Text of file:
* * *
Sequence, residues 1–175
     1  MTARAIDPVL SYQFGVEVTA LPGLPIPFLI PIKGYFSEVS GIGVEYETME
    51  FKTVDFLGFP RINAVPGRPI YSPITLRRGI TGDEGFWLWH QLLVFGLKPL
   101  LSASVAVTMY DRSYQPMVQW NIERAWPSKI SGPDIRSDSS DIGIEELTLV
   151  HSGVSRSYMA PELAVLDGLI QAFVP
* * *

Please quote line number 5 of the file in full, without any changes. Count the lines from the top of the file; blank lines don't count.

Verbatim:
   151  HSGVSRSYMA PELAVLDGLI QAFVP